Objective: Persistent systemic inflammation is associated with the inability of some HIV-infected patients to normalize circulating CD4+ T-cell levels after years of suppressive antiretroviral therapy. In this study, we sought to understand whether such systemic inflammation is also associated with detectable signs of inflammation in biopsies from the rectosigmoid colon.
Design: Immunologic and virological parameters were studied in the peripheral blood and in rectosigmoid colon biopsies from individuals with viral suppression for at least 2 years and with peripheral CD4+ T-cell levels of <350 cells per cubic millimeter (immunologic nonresponders, n = 18) or >500 cells per cubic millimeter (immunologic responders, n = 16).
Methods: Peripheral blood and rectosigmoid colon biopsies were analyzed by flow cytometry, enzyme-linked immunosorbent assay, and quantitative polymerase chain reaction.
Results: Nonresponders had elevated T-cell activation and inflammatory cytokines in the circulation, but inflammatory gene expression in colon biopsies was not different as compared with responders, and there was little relationship between blood and colon markers of inflammation. Blood inflammatory markers were positively associated with soluble CD14 levels indicative of monocyte activation.
Conclusions: These findings demonstrate that, in the context of treated HIV disease, it is easier to detect parameters of inflammation (including blood monocyte activation) in the peripheral blood than in isolated rectosigmoid colon biopsies. Accordingly, interventions to block such inflammation in this population might be most conveniently and accurately assessed in blood.
*HIV Discovery Performance Unit, GlaxoSmithKline, Research Triangle Park, NC;
†Division of Experimental Medicine, Department of Medicine, University of California, San Francisco, San Francisco, CA (P'ng Loke is now with the Department of Microbiology, Division of Parasitology, New York University Medical Center, New York, NY);
‡Biomedical Sciences Graduate Program, University of California, San Francisco, San Francisco, CA;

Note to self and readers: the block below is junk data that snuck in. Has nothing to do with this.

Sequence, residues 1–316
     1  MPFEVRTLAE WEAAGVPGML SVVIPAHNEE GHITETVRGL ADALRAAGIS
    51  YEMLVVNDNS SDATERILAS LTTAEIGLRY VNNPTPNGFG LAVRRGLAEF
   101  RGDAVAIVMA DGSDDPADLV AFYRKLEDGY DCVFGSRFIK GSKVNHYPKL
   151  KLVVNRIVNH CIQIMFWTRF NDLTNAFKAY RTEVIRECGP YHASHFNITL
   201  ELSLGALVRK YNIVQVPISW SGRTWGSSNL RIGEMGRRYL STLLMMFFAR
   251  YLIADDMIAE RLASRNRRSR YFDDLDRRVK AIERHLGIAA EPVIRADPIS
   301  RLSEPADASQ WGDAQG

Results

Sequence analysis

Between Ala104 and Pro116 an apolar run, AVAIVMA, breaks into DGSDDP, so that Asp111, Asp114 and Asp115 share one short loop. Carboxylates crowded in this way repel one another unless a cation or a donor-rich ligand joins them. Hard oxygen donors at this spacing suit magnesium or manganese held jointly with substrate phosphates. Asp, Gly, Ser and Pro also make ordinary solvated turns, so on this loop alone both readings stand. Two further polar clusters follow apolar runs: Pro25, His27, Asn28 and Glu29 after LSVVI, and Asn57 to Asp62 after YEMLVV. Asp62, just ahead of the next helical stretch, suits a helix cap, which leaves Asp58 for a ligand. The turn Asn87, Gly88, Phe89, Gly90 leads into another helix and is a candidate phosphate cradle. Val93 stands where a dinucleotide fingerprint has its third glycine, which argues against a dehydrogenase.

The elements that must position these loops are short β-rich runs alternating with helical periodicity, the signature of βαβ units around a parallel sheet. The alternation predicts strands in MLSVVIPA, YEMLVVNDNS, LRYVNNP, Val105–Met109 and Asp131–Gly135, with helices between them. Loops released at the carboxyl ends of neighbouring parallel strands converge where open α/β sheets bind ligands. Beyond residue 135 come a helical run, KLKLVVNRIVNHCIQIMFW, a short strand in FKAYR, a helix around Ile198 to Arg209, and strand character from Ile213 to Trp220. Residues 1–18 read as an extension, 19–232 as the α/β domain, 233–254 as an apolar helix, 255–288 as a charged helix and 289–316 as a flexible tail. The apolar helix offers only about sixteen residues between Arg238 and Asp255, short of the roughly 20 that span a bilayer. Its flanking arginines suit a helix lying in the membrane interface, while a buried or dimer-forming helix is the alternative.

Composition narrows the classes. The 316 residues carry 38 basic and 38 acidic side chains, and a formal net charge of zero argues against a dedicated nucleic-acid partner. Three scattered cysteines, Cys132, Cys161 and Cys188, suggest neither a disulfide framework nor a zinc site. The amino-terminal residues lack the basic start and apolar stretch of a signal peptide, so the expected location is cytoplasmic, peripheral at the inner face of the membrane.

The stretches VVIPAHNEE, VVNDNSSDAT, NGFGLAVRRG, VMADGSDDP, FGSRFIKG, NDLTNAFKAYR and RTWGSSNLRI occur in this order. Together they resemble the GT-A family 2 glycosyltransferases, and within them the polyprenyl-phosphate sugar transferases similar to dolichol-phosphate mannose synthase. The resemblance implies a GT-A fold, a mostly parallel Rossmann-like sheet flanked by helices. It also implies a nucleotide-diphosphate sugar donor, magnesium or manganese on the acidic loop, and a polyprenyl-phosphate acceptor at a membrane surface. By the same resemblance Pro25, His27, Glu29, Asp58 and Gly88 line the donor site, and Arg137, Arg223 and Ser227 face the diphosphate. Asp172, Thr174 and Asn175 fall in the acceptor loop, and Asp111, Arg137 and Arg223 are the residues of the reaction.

§Division of Infectious Diseases, Department of Medicine, University of California, San Francisco and San Francisco VA Medical Center, San Francisco, CA;
‖Division of Infectious Diseases and HIV Medicine, Department of Medicine, Case Western Reserve University, Cleveland, OH;
¶Division of Gastroenterology, Department of Medicine, University of California, San Francisco, San Francisco, CA; and
#Positive Health Program, Department of Medicine, San Francisco General Hospital, University of California, San Francisco, San Francisco, CA.
Correspondence to: Joseph M. McCune, Division of Experimental Medicine, Department of Medicine, University of California, San Francisco (UCSF) Box 1234, San Francisco, CA 94143-1234 (e-mail: firstname.lastname@example.org).
Supported by the American Foundation for AIDS Research (107854-48-RGRL to J.M.M. and S.G.D.). Additional support was provided by in part by the University of California, San Francisco (UCSF)/Gladstone Center for AIDS Research (P30 AI27763), the Hurlbut-Johnson Fund administered by the AIDS Research Institute at UCSF (to R.M.D.), the UCSF/GIVI Center for AIDS Research (to R.M.D. and S.A.Y.), NIAID (U19 AI096109 to J.M.M. and S.G.D.), R37 AI040312 (to J.M.M.), K23 CA157929 (to M.S.), R24 AI067039 (to J.N.M.), and F32 AI091534 (to R.M.D.), the California HIV/AIDS Research Program (ID09-SF-067 to P.W.H.), the UCSF Clinical and Translational Science Institute (RR024131-01), and the US Department of Veterans Affairs (1 IK2 CX000520-01 to S.A.Y.).
The authors have no conflicts of interest to disclose.
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Received August 23, 2013
Accepted August 23, 2013